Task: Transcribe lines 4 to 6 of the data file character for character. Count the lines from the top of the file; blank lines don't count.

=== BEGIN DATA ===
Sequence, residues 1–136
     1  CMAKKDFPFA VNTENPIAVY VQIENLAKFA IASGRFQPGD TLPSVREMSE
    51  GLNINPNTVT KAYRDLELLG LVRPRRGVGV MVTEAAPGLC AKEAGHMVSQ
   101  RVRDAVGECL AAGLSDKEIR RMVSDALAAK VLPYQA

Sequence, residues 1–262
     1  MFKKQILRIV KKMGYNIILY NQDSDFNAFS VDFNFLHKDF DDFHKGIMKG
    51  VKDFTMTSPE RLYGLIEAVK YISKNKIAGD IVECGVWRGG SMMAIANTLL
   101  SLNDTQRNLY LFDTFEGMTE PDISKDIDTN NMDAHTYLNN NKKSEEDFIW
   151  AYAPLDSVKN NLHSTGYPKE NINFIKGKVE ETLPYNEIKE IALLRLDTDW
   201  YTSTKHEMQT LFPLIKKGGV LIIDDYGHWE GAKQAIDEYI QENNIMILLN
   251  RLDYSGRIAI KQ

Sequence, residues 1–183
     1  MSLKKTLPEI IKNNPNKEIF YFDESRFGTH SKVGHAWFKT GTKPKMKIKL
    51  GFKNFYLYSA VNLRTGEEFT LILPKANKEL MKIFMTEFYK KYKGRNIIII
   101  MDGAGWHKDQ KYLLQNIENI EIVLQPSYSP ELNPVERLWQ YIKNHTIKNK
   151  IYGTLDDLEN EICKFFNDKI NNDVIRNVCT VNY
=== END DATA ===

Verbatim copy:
   101  RVRDAVGECL AAGLSDKEIR RMVSDALAAK VLPYQA

Sequence, residues 1–262
     1  MFKKQILRIV KKMGYNIILY NQDSDFNAFS VDFNFLHKDF DDFHKGIMKG